What effect does the introduction of Praise Postcards have on the confidence of a class of S2 pupils, and on the quality and quantity of the work they produce?
Positive praise is a vital component to teaching and learning. Conroy et al. state that ‘creating a positive and engaging classroom atmosphere is one of the most powerful tools teachers can use to encourage children’s learning and prevent problem behaviours from occurring.’
It is one which fosters a nurturing and inclusive learning environment for all pupils when used effectively. With the formal setting of classrooms taken away during online learning, the authentic real-time praise that is a natural aspect of school life is also taken away. The nature of online learning is largely independent for students, and an unfamiliar learning environment from which they have become accustomed to. This enquiry therefore sought to provide written and audible praise in a digital learning environment, which would mirror elements of in-person classroom practice.
This enquiry had two driving factors; the first was increasing pupil engagement in the digital classroom and the second, increasing pupil confidence within this digital setting. This was based on observations taken from pupils’ first six weeks of at-home online learning. The General Teaching Council for Scotland’s Standards for Registration was then taken into account, using 3.1.2: ‘use a range of communication methods, including a variety of media, to promote and develop positive relationships to motivate and sustain the interest and participation of all learners’. Sustaining positive relationships was particularly pertinent in times of online learning where the immediate and tangible link between pupil and teacher was removed. Also taken into consideration was the ethos of Equality and Inclusion 3.1 from How Good Is Our School? 4th Edition (HIGIOS); ‘we know and can demonstrate that all of our children and young people feel safe, healthy, achieving, nurtured, active, respected, responsible and included.’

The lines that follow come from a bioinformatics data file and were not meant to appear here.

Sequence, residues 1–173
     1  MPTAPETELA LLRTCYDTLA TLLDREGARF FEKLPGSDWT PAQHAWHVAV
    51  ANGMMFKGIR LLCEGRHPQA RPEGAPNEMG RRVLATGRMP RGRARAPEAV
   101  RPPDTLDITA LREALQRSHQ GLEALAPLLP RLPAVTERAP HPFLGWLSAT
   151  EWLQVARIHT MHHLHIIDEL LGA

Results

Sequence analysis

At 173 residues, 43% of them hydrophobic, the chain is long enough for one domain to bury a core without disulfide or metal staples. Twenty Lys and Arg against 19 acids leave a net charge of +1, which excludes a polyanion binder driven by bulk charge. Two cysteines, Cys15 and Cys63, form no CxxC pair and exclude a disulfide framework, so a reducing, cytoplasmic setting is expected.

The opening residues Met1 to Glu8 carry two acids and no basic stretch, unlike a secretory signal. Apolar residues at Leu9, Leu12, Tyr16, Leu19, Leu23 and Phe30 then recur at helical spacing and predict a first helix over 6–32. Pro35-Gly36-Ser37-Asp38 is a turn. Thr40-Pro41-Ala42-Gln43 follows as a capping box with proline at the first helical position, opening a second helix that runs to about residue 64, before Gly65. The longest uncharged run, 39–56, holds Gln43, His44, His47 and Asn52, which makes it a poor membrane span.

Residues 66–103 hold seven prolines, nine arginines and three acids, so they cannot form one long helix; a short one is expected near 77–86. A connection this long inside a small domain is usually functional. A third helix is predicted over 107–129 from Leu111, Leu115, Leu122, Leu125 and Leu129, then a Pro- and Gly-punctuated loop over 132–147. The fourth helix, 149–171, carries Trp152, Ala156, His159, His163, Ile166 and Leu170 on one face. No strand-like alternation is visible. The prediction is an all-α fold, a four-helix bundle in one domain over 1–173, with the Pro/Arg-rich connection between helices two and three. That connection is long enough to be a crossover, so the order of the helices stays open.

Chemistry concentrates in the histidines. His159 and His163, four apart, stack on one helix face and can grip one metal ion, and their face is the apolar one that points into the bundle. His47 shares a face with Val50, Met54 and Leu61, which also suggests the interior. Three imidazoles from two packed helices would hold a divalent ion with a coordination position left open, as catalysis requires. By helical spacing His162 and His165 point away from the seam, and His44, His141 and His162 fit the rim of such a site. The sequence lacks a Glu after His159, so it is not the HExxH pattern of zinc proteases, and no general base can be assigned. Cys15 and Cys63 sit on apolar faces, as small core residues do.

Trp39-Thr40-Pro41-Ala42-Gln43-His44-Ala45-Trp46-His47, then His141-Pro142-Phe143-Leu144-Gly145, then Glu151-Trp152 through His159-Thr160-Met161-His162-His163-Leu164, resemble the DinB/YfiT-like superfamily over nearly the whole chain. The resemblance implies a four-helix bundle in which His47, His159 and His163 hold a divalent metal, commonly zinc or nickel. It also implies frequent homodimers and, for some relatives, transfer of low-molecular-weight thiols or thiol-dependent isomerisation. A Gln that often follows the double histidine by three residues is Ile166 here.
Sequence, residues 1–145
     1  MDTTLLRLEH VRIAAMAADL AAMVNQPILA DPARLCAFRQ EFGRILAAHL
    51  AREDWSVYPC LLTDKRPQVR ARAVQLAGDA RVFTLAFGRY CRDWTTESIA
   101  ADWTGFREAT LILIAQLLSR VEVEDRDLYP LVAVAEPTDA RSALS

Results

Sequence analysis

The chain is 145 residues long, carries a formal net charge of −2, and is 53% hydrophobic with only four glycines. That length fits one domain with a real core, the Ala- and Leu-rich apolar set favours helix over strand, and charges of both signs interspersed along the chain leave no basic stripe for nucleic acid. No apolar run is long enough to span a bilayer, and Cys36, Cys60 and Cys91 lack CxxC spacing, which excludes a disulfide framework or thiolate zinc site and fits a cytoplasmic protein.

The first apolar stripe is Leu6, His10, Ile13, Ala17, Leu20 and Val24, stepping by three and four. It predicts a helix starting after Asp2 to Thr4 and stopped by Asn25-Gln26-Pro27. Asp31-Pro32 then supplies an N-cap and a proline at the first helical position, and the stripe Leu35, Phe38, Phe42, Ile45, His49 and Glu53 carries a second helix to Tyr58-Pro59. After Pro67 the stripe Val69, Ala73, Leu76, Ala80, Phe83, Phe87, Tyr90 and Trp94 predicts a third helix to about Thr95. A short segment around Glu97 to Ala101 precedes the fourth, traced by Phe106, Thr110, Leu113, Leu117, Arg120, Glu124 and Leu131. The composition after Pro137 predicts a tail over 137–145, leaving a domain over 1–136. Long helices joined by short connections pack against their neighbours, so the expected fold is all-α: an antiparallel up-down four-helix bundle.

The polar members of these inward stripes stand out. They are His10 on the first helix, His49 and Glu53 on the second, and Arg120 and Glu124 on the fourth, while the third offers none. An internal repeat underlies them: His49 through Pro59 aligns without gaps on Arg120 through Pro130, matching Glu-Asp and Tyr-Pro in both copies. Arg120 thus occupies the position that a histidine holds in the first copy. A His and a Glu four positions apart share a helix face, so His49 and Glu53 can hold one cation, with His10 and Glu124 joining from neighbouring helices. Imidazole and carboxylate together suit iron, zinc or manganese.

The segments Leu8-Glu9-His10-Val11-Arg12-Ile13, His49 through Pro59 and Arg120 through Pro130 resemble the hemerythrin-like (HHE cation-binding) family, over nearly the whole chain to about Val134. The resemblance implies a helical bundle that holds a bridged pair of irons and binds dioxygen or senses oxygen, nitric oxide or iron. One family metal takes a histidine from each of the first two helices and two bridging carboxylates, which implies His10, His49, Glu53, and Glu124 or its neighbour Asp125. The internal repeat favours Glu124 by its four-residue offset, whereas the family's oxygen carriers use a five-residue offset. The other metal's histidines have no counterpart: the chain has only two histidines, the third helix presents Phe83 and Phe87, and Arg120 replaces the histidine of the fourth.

Dubois-Maahs states that:‘When students feel confident, the brain releases endorphins that trigger faster neurological connections. The increased cognition speed helps students think clearly and logically, which leads to improved problem-solving abilities. […] On the other hand, when students feel stress, their brains undergo neurological inhibition, placing mental blocks. This slows down their thought processes and is the root of anxiety and frustration.’
It was therefore a key priority to strive for confidence and comfort within the digital classroom to ensure pupils were still capable of achieving success and reaching their full potential.
To increase the quality and quantity of work completed and submitted in the digital classroom.
To increase pupil confidence with regards to online learning at home.